Affordable housing owners looking to purchase property management software face many different and difficult choices. For smaller companies, evaluating the software market for the first time can be a little overwhelming. There are a variety of providers that all feature similar features, and it’s difficult to know where to start.

So Apartment Finance Today senior editor Jerry Ascierto sat down with Georgianna Oliver, president of technology consultant EverGreen Solutions, to discuss the five tips that affordable housing managers should keep in mind when assessing their property management software options.

1. Involve the end user. Too often, the folks who use property management software every day at the site level aren’t involved in the decision of which software package to use. This can be a big mistake: the ease-of-use level between different software providers can vary wildly. And since there can be high turnover of site-level staff, the learning curve for a new employee can be steep. So, make sure that end users have a chance to test each software package under consideration, or you may find that you’ve chosen the most complex package, necessitating multiple rounds of training.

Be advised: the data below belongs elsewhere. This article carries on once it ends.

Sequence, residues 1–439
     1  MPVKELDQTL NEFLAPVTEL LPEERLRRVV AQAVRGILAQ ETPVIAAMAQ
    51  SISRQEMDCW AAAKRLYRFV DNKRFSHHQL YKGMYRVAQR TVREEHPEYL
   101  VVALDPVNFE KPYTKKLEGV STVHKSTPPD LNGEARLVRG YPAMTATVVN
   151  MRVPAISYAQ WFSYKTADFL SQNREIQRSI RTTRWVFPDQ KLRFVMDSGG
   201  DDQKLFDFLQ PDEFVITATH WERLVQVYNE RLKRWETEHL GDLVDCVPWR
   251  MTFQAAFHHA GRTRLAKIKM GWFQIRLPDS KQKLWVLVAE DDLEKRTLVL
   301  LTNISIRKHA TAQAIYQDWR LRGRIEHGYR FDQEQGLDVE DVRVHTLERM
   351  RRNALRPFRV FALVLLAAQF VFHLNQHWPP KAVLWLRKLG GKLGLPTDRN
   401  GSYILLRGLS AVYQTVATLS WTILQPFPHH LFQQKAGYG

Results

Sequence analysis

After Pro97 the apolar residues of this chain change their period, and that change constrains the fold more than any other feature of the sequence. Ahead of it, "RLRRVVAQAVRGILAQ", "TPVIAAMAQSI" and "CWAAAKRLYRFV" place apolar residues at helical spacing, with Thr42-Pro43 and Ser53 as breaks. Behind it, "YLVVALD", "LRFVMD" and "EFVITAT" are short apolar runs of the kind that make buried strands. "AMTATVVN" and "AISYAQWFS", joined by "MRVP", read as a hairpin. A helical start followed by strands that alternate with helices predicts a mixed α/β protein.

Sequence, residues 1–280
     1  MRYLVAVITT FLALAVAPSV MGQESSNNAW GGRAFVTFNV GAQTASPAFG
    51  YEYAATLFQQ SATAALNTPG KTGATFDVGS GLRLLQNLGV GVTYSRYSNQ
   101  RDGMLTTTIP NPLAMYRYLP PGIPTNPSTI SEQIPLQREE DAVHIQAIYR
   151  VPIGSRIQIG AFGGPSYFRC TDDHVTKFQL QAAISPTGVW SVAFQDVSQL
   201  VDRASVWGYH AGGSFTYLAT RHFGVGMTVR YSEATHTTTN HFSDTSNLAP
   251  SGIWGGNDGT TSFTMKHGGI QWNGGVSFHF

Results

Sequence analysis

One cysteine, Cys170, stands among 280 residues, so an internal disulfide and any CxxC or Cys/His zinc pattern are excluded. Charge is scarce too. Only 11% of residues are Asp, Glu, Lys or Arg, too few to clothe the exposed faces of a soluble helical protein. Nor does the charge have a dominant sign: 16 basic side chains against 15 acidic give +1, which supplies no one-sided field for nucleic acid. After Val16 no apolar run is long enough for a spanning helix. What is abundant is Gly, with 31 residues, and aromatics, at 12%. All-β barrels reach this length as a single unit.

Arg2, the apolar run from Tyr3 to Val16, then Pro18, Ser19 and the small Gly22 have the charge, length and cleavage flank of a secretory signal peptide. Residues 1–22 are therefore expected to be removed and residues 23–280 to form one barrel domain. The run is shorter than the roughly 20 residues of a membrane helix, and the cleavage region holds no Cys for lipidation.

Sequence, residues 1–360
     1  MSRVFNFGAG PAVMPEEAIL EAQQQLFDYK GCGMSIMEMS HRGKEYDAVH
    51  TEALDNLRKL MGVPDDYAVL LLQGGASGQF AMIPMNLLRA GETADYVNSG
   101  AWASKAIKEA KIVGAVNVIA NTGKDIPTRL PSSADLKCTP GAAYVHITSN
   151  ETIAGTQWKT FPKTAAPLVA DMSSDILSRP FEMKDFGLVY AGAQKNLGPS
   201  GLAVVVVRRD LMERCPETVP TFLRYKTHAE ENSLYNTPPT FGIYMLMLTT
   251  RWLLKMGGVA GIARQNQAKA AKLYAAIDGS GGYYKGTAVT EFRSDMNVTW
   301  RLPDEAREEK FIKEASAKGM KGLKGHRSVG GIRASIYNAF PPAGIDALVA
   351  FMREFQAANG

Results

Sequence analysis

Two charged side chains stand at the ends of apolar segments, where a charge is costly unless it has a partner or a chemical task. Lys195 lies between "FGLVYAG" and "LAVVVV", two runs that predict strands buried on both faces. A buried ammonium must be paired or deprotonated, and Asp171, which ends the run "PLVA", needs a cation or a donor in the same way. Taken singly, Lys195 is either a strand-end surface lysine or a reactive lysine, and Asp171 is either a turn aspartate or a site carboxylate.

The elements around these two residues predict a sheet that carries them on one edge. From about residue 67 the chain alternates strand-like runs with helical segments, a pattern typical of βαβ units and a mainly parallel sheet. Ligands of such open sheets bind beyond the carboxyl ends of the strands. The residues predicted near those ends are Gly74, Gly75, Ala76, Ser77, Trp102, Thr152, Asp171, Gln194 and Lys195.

2. Ensure that all compliance reports are current. Compliance with low-income housing tax credit regulations is a critical part of most affordable housing software packages. But since every state has its own requirements, owners and managers would do well to test each form first. You can’t take that capability at face value. “Your core software, no matter if you have 100 units or 1,000, has to fully communicate with each state that you do business with,” Oliver says. “It has to be updated, and you have to get the state agency to verify that in fact that tool is working.”

3. Stop and Review. For properties with multiple layers of compliance—project-based Sec. 8 vouchers, Rural Housing, tax credits—you’ll want a system that allows data to be reviewed before being entered into the General Ledger. Some software packages take the site-level transaction information and automatically populate the General Ledger—but if a mistake is made, then both your compliance data and accounting data is wrong. A “stop and review” approach is preferable.

4. Make sure there are no integration fees. Before signing a contract with a vendor, make sure there are no fees for you to integrate other software packages with your property management software. For instance, screening tools are a must-have for affordable housing managers, but some software companies charge as much as $250 per property per year to integrate the property management software with the screening tool.

5. Make sure the bill matches your portfolio. Property management software is priced per-unit. But what happens if you lose 100 units from your portfolio? Some companies continue to charge you for them, while others reset the unit count monthly, which is a better approach for the end user. You shouldn’t be penalized for managing fewer units than when you began the contract, so make sure the price of your software accurately reflects your portfolio.